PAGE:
Legal Murders?


Memorable days should be birthdays, field trips, and core remembrances that will last a lifetime and shape who you are. The moments you laugh with loved ones and your eyes glisten with unspeakable joy and serenity. Core memories should not include scenes blurred by tears and the ringing of gunshots through the hallways you once laughed in. One of my core memories should not be on the verge of frustrated tears on Valentine’s Day in 2018 when we found out there had been another school shooting.

According to Business Insider, there were a total of 340 mass shootings in the USA alone in 2018. “Nowhere is safe anymore,” people would comment in passing as another shooting was mentioned. Whether it had occurred at a religious building, a theme park, a mall, or at a school. In 2018, there were almost as many mass shootings as there were days in the year. 

Our generation became the catalyst for change after Nikolas Cruz murdered seventeen people at Marjory Stoneman Douglas High School. March For Our Lives was founded and, with it, a shift in everyone’s attitudes. There were walkouts organized, protests marched, and most importantly, there was a call for justice, and justice was served legally. 

Earlier this month, Cruz was sentenced to life in prison without the possibility of parole. However, many directly affected by Cruz’s actions are calling for him to be sentenced to death. Although most countries have abolished the death penalty, it is still a punishment used in many countries throughout the world. Being from the United States, it shocks me every time someone in the country is sentenced to death. 

There are many arguments both for and against the death penalty. Carnal justice versus the concept of ethics and truly what it means to end someone’s life. In this case, Cruz murdered over a dozen people in what many consider the deadliest school shooting in the USA in recent history. This caused a massive wave in society’s sentiment about gun control and reform. 

Parents and friends will lament the loss of their loved ones for the rest of their lives. Nothing can change that: no amount of well wishes, flowers, or pleading for the perpetrator to be executed. However, the horrendous actions of Nikolas Cruz do not qualify a court’s reasoning to put him on death row. Just because he took multiple lives does not give us the right as a society to demand his life in return or as retribution. That is not justice, nor will it ever be.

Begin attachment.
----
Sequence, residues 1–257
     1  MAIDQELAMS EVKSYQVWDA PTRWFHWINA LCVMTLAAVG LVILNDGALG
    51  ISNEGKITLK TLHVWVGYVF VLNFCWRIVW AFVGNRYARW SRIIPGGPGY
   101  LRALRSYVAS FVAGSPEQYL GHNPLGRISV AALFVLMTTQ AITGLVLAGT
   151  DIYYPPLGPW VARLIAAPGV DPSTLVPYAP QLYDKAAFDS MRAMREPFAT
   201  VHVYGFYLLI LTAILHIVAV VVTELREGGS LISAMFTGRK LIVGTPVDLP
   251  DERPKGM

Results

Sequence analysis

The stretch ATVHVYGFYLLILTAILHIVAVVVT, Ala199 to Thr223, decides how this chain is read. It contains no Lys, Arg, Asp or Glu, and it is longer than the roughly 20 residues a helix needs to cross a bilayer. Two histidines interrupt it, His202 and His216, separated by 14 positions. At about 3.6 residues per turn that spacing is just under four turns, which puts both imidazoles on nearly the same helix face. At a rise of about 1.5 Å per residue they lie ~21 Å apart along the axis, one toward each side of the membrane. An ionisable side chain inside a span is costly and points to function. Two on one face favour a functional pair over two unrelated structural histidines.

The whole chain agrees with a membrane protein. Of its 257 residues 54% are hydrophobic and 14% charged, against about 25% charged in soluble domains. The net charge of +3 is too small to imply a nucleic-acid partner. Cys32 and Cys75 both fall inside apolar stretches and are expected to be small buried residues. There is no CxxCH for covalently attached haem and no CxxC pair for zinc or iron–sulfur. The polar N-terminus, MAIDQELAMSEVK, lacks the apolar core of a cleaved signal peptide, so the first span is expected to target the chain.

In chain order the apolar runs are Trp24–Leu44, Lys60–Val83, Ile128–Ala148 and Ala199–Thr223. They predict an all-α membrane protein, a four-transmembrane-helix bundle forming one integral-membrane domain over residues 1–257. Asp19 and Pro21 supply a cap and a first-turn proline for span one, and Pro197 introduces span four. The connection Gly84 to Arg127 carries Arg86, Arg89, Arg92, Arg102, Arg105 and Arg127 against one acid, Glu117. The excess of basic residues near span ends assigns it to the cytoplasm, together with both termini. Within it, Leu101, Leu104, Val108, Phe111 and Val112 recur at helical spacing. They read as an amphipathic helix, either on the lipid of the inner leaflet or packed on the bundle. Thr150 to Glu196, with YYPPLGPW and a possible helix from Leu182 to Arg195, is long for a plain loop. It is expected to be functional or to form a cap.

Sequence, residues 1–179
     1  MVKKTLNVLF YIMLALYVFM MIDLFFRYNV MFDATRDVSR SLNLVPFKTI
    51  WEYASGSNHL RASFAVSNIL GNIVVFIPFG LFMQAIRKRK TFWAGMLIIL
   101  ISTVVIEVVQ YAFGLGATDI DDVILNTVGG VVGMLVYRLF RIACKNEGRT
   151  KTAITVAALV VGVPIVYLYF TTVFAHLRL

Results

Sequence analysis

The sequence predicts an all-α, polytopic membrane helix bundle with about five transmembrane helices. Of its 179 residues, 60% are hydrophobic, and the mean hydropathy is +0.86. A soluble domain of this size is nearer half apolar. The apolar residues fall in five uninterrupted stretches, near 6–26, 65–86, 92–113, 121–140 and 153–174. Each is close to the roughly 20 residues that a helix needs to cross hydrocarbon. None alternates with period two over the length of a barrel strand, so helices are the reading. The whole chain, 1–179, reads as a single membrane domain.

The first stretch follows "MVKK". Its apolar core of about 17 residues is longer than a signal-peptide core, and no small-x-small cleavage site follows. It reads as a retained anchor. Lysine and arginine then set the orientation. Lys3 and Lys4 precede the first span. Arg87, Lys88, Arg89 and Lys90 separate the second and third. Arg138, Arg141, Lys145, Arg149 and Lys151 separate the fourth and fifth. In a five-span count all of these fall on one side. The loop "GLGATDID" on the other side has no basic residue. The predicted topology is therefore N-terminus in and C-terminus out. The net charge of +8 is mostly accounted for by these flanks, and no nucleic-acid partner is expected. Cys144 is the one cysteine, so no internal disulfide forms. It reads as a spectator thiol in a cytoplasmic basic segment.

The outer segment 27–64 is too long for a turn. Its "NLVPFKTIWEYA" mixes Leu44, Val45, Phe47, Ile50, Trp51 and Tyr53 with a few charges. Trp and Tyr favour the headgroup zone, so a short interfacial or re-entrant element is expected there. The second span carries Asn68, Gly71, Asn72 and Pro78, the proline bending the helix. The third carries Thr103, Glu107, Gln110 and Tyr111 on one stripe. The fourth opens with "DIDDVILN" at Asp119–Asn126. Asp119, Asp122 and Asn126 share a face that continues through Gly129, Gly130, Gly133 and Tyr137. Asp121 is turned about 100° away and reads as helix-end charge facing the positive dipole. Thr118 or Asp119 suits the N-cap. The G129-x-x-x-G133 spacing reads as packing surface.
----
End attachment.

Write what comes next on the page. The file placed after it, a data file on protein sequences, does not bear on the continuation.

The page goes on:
Murdering someone who murdered someone, although based on the idea of an eye-for-an-eye, is not moral. I will never be able to understand what the victim’s families feel or what the survivors of the Parkland shooting must think as they watch Cruz sit in that Florida courtroom. Their feelings are valid, but not an argument for capital punishment. There is absolutely no situation in which society should be allowed to legally murder someone for their actions; this is simply an archaic law that is no longer the foundation of our society. Many argue that his death would be a “service” to society so that he is never able to do anything of the sort again. It is an understandable argument, but his sentence of life in prison without the possibility of parole already ensures he will never get out. If those who are calling for the death penalty want him to suffer, prison will do that. He may remain alive while seventeen are not because of him, but that is a fact no one can change. 

As I finish writing this, I look at the news once more, and I feel transported back to 2018, watching how more articles come in about school shootings. It is October 24, 2022, and Ethan Crumbley pleads guilty to gunning down students at Oxford High School in Michigan on November 30, 2021. It is October 24, 2022, and there has been a school shooting with casualties still being counted at Central Visual and Performing Arts High School in St. Louis, MO. Gun reform is a necessity in the USA, and no punishment on Earth will ever bring those lives lost back. 

When I moved to Segovia, I thought my biggest culture shock would be moving from upbeat Chicago to a small-town life in Spain; I was wrong. The biggest culture shock is being in a room where the fire alarm goes off, but my immediate fear is that there is an armed intruder in the building. Many times, I will be the only one in the room who has gone through active shooter drills since the Sandy Hook Massacre. I was only eight years old when twenty-first graders and seven staff members were murdered at an elementary school, and gun violence has only worsened.

Featured cover image: Parkland school shooter Nikolas Cruz looks toward the prosecution table during a hearing in Fort Lauderdale. (Amy Beth Bennett/Sun Sentinel/Tribune News Service via Getty Images)

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  1. I’m sorry, but the article’s title and premise are little more than abolitionist zeal. No considerations for history, for escape or recidivism, for jurisprudence, etc. It is little more than tiring regurgitation. I don’t disparage the sentiment, but the lack of genuine argumentation.

    I get the distinct impression this author has been fortunate. They haven’t dealt with deplorable wickedness, with the effects of ruthless violence on one’s family or person. I pray that remains so, and that you never deal with what some of us have.

    I understand cherishing life most dearly. But do not parade a moral high ground to victims, or cast aside all others’ arguments because it doesn’t align with your simple duotone view of reality. If you are to argue for something as important as this, address the dissenters’ concerns properly.


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